No other word fits them – toucans are spectacular animals. Their shape, brilliant coloring, and tropical quintessence make them one of the most popular “poster animals” for the tropical forests of the Americas and one most visitors want to see. It’s hardly surprising, therefore, that the logos of several conservation organizations and tour companies feature toucans. The toucan family, Ramphastidae, is classified with the woodpeckers, and contains about 40 species – the toucans and the usually smaller toucanets and aracaris (AH-rah-SAH-reez); all are restricted to the American tropics. Six species occur in Costa Rica.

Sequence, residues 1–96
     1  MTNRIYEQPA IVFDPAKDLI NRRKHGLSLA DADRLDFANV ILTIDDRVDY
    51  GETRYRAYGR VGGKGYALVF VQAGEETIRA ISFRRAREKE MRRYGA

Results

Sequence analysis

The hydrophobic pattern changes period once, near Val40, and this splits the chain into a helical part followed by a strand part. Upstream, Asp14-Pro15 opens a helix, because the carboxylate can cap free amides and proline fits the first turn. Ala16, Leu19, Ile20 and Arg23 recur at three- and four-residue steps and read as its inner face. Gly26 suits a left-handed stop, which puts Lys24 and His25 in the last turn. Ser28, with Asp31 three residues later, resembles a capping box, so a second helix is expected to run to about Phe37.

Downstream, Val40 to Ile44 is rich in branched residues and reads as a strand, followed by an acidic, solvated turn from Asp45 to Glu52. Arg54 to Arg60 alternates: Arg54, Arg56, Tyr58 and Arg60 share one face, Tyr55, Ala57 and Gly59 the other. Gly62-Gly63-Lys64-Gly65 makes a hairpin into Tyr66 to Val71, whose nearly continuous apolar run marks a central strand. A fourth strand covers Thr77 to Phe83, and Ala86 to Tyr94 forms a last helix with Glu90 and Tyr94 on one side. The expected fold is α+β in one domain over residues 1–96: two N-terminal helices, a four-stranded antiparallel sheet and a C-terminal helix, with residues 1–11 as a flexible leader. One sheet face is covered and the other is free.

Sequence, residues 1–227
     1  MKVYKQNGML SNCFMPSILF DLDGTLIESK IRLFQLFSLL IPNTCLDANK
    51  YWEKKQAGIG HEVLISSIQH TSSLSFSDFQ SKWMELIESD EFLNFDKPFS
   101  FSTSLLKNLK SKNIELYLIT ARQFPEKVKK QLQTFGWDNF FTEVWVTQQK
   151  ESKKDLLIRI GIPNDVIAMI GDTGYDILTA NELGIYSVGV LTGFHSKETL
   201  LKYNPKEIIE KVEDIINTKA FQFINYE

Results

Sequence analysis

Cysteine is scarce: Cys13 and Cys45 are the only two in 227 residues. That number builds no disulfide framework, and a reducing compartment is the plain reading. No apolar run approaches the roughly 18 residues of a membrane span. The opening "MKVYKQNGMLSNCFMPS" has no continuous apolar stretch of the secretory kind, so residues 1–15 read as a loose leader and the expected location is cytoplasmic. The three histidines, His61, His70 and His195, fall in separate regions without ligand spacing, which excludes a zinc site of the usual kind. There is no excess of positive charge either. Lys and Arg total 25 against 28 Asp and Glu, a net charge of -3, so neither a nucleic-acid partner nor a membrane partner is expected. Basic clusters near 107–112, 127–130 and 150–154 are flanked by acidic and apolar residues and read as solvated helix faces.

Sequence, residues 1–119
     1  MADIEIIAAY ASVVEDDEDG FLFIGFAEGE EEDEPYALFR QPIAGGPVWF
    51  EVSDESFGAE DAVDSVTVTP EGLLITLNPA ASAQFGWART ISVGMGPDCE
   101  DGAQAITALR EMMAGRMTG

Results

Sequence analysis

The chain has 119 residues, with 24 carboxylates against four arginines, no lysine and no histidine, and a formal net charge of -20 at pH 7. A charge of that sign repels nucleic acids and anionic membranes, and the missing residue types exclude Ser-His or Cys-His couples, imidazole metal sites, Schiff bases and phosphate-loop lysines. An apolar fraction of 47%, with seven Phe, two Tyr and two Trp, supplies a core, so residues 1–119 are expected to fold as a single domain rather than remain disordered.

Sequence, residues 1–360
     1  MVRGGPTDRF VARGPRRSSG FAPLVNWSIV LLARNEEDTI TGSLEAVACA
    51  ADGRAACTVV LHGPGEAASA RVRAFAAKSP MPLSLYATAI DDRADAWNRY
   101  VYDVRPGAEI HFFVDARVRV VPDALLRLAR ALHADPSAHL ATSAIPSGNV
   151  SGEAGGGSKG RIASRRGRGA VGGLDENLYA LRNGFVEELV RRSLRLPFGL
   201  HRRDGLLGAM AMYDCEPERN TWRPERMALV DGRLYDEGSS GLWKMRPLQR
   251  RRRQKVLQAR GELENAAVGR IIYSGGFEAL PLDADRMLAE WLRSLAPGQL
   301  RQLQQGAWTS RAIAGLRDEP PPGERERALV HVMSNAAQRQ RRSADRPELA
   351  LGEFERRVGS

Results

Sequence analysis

The first sighting of toucans in the wild is always exhilarating – the large size of the bird, the bright colors, the enormous, almost cartoonish bill. Toucans are usually first noticed flying from treetop to treetop in small groups. The bird’s most distinguishing feature – its colorful, disproportionately large bill – is actually light, mostly hollow, and used for cutting down and manipulating the diet staple, tree fruit.